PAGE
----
scenes are spectacular, but “Wings” is at its best with monarch
butterflies. Their massive migration – 2,000-plus miles, from the
Mexican mountains to the Northern U.S. or Canada – requires three
or more generations each way.

Other choices

-- “60 Minutes,”
7:30 p.m., CBS. This starts the annual viewer confusion over football
overruns. Tonight, CBS is simply scheduling everything a half-hour
later than usual; sometimes, that's enough.

-- “Brooklyn
Nine-Nine,” 8:30 p.m., Fox. Here's a rerun of the season-finale,
which jolted viewers by sending the captain (Emmy-winner Andre
Braugher) to a headquarters job with Gina. (They're still on the
show, but the season will start with a new captain.) Also, Jake and
Amy were nudged together.

-- “Sherlock,”
9-10:30 p.m., PBS (check local listings). Viewers will consider this
rerun to be either the best or worst (our choice) of PBS' great
“Sherlock” films. It keeps dithering over the best-man speech for
Watson's wedding, leaving less room for the story. That follows the
mid-section of the excellent “Arthur and George” (8 p.m.), based
loosely on a real story about Sherlock author Arthur Conan Doyle.

-- “Last Man on
Earth,” 9:30 p.m., Fox. A week before it's up for three Emmys
(directing, writing and star Will Forte), this show reruns its
season-finale. Phil (Forte) realizes he must repair his iffy
relationship with Carol, whom he married when they thought they were
Earth's only survivors.

-- “Madam
Secretary,” 9:30 p.m., CBS. In a rerun, there are rumors of an
attempt to assassinate the Iranian president when he arrives to sign
a nuclear treaty. Also, Elizabeth – shaken by her close call during
an overseas trip – sees a therapist (Marsha Mason).

-- “CSI: Cyber,”
10:30 p.m., CBS. In this rerun, a hacker used a Detroit power outage
to create a jewelry store robbery ... which may have been a cover for
something more.

-- “Doll & Em”
season-opener, 10:40 p.m., HBO. In the proper British style, this
show is hand-crafted by Dolly Wells and Emily Mortimer; they write
and star in it, making only six slow, subtle episodes each season.
Last year, Doll worked as Em's assistant, shattering their
friendship; now they're back together, trying to write a
semi-autobiographical play.

TV column for Saturday, Sept. 12

“Saturday Night Live” people, everywhere.

If you've ever
doubted the immense impact of “SNL,” start switching channels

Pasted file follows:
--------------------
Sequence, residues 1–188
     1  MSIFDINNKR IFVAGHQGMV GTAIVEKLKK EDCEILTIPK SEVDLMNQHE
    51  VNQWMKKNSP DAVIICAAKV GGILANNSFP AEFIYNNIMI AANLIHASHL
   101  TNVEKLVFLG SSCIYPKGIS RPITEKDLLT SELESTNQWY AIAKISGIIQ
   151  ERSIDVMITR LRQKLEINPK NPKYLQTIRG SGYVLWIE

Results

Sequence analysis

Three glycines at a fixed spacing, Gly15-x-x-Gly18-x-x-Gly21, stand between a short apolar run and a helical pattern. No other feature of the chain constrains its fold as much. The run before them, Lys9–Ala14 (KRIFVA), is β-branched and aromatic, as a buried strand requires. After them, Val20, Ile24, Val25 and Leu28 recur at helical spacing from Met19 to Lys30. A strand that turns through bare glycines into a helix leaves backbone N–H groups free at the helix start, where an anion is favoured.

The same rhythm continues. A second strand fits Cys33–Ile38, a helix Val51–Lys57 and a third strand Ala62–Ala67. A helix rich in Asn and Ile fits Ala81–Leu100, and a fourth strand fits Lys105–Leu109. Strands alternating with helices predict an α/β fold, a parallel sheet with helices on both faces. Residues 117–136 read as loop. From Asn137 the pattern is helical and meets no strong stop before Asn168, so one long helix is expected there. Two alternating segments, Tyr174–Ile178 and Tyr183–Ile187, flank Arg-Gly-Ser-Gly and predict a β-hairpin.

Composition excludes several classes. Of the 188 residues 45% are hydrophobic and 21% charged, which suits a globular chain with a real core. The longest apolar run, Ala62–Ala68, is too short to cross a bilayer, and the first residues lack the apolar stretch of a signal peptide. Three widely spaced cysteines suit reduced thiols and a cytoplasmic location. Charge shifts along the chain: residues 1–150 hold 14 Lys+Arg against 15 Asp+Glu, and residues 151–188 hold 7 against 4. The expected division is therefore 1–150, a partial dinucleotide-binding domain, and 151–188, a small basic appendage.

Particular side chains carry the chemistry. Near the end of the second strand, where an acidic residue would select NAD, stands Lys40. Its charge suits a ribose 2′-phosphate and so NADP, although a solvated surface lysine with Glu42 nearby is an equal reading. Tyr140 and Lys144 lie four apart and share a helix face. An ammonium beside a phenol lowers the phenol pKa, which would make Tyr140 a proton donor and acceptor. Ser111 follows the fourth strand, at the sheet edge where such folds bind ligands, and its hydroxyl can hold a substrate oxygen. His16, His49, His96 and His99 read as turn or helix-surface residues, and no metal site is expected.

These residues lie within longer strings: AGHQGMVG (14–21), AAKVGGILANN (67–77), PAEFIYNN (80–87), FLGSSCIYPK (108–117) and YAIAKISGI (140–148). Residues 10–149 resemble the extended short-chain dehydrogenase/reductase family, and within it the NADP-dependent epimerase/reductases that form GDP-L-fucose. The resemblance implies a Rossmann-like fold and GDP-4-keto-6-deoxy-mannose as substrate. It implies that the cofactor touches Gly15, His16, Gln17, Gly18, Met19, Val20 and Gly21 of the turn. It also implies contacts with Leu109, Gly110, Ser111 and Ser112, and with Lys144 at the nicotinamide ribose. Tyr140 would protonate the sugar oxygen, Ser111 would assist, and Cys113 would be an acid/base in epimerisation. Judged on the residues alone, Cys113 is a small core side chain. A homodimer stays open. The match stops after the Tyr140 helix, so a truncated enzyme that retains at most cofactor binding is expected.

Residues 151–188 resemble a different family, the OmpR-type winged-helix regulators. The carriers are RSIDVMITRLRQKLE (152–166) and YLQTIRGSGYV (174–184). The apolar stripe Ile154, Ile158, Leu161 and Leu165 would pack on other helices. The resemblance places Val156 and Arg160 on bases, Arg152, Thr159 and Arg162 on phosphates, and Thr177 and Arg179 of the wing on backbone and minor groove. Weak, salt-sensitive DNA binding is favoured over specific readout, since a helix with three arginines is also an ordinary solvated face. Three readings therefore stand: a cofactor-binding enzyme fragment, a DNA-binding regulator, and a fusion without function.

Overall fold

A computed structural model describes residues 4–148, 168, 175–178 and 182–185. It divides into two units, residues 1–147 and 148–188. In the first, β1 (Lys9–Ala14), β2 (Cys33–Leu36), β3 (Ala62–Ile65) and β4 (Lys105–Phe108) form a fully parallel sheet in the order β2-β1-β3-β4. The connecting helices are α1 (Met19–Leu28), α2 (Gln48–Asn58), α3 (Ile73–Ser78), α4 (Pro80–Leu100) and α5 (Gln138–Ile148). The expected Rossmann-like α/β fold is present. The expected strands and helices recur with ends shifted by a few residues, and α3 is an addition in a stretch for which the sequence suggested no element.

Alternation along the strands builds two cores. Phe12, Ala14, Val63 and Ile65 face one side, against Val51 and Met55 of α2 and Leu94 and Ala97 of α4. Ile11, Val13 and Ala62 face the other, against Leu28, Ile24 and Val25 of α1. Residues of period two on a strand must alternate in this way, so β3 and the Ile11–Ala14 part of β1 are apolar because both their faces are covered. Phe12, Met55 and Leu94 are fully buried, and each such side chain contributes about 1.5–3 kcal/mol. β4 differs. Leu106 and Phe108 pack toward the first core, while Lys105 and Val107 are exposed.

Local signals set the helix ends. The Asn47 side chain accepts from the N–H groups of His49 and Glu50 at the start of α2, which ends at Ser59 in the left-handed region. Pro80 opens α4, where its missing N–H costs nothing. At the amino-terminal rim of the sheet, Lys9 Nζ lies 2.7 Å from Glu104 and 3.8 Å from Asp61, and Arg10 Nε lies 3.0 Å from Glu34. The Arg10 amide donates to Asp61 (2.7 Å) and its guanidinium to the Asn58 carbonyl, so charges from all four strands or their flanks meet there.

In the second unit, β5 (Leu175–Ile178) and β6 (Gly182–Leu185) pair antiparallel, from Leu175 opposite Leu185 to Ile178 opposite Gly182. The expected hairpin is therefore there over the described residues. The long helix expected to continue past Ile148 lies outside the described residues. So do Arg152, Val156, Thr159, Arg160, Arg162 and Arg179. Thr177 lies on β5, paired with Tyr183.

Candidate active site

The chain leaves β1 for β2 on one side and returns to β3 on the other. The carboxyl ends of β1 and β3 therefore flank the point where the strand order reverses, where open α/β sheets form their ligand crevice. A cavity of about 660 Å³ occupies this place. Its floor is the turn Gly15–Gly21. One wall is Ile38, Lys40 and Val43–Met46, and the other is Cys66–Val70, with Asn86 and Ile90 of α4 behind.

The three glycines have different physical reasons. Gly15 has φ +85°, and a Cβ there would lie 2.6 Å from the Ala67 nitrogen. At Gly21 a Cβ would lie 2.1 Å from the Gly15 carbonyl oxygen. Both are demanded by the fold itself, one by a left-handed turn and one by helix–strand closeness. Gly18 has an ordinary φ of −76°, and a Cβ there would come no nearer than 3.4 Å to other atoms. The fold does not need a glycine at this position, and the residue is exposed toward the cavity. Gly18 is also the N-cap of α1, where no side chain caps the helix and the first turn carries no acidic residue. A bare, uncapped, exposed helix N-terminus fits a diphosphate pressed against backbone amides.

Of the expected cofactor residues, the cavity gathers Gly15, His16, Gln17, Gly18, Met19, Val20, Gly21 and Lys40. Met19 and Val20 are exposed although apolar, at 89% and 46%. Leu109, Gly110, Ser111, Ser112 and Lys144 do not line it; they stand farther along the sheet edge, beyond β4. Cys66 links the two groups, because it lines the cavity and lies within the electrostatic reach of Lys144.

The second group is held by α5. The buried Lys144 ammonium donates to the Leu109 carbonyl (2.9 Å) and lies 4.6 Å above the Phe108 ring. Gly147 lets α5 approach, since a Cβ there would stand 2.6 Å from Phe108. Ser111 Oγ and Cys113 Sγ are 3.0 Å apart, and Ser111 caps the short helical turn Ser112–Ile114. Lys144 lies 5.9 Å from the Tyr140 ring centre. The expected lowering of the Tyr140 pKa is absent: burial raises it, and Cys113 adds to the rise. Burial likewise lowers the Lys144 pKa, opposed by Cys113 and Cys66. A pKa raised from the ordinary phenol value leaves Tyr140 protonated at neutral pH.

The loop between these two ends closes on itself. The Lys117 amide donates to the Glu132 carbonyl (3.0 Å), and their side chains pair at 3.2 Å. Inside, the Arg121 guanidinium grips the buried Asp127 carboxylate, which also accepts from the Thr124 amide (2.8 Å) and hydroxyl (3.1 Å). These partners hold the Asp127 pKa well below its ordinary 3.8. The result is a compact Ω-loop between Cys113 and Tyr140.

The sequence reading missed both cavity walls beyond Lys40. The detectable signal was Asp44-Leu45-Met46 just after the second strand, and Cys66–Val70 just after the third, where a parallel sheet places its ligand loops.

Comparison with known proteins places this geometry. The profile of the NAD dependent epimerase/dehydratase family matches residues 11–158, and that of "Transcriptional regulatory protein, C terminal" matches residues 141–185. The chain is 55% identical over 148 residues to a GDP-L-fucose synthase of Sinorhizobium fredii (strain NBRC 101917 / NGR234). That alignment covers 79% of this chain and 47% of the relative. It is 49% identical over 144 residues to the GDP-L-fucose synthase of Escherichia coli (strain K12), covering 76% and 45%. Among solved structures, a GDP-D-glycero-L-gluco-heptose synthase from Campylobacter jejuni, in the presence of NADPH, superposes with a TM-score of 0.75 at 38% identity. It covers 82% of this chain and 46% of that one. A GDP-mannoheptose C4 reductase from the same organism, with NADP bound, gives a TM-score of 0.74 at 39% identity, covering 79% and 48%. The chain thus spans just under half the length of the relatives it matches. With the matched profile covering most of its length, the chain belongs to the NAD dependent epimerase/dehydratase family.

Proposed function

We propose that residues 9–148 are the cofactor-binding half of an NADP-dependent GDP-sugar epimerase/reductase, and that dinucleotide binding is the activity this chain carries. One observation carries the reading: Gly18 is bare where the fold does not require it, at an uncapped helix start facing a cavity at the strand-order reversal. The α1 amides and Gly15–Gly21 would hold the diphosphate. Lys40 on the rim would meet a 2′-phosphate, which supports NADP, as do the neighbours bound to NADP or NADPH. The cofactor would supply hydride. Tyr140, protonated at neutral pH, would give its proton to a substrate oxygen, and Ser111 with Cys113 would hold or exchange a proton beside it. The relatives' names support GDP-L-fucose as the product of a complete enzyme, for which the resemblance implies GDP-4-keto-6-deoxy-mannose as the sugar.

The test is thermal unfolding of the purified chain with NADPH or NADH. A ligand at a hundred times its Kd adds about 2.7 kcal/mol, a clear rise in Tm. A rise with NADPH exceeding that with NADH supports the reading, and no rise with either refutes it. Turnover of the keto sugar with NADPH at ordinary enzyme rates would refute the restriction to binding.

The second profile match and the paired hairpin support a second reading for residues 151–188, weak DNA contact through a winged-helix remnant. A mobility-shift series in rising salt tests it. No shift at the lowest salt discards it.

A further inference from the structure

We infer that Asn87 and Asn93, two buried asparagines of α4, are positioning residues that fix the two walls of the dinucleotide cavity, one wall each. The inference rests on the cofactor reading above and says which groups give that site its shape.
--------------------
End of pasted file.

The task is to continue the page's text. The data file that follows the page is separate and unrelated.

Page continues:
tonight. There's the regular “SNL” rerun (James Franco hosts,
Nicki Minaj sings) at 11:29 p.m. on NBC and an odd Will Ferrell romp
(see “tonight's alternative”) at 10 p.m. on HBO. And there are
movies everywhere.

One of the first
“SNL” stars, Chevy Chase, has the fun “Vacation” (1983) at 8
p.m. on IFC. There's also an Adam Sandler film (“Big Daddy,”
1999, Oxygen), plus a dandy Tina Fey double-feature on Bravo: “Mean
Girls” (2004) is at 8 p.m. and “Baby Mama” (2008), with “SNL”
alumna Amy Poehler, at 10.

“Home Free,” 9 p.m., Fox.

If you haven't been
watching this feel-good reality show, jump in for this rerun of its

Mike Holmes, who
knows his stuff, has been supervising the likable duos who work on
home revamps, hoping to win a dream house. They don't realize that
each set of “losers” will actually win the house they've been
working on. Tonight, watch a two more losers ... and the dream-home

ALTERNATIVE: “Ferrell Takes the Field,” 10 p.m., HBO.

As a gimmick, some
baseball players have played all nine positions in one game. Now Will
Ferrell tops that, in a charity fundraiser -- playing 10 positions
(counting designated hitter) on 10 teams in one day.

He did that during
spring training, when some teams are bunched together in Arizona. The
result has a few moderately funny moments, copying the style of old
sports movies; mostly, though, it's merely harmless fun, amiable and

Other choices

“Rocky” (1976),
9 a.m. and 5 p.m., Ion. The original film packed a quiet wallop.
Sylvester Stallone provided a spare script and an understatedly
perfect performance; he was backed by John Avildsen's sharp direction
and Bill Conti's stirring score. The sequels, directed by Stallone,
were adequate; they run at 11 a.m., 1 p.m. and 3 p.m., then repeat at
7, 9 and 11 p.m.

“Walk the Line”
(2005) 6 p.m., and “Johnny Cash: American Rebel” (2015), 9 and 11
p.m., CMT. We can spend the night reliving Cash's fascinating life.